I was at a farmers market a few weekends ago, and there were a lot of meat venders there. One person was selling ground buffalo, another selling ground elk, and a third selling ground grass fed beef. Exotic meats fascinate me, so I bought all three. I ended up with three pounds of meat. One thing I love more than exotic meats is science. So, I decided to set up a taste test so I could figure out what the best meat was.
Eighteen people, six pounds and three hours later, I ended up with some results!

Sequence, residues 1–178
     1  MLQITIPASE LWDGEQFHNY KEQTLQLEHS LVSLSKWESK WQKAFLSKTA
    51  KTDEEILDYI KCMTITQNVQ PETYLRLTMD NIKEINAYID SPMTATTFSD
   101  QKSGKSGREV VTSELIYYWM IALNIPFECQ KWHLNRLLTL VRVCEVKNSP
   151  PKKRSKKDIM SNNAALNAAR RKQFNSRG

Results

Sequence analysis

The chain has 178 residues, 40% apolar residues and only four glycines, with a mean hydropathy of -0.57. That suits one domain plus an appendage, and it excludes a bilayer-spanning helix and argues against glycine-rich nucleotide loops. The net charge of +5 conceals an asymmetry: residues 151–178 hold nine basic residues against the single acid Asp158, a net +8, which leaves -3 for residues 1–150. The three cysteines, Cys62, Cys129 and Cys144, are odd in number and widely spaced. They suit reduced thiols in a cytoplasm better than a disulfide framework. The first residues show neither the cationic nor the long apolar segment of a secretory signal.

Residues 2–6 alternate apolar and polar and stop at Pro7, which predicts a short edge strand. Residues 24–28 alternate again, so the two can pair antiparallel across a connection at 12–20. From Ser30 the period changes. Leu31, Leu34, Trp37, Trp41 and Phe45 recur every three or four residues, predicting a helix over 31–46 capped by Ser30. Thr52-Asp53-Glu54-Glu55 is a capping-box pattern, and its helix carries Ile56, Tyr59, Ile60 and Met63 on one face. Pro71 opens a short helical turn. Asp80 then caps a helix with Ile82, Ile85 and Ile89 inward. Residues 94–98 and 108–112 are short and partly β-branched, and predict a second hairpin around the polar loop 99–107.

Step 1: I needed to get enough meat. I didn’t know how many people were going to show up but in general I often end up with ten to twenty people. My first question was how much meat I needed per person. I did some tests, and I determined that 1.5oz was the optimal slider size. If I was going to plan for twenty people, that means I needed thirty ounces of meat per round, or a little less than two pounds. At the farmer’s market I only bought one pound of meat per type. Next weekend I went back to the farmer’s market. I bought another pound of buffalo and grass fed beef, but the elk seller wasn’t there. I only had two different meats. I knew I wanted to have regular beef as a control, but I wanted at least one more type of meat. Like always, Adventures in Food Trading came to the rescue. I bought five pounds of kangaroo and boar. (They don’t sell in smaller packages) So, now I have five different meats, and I was ready to go.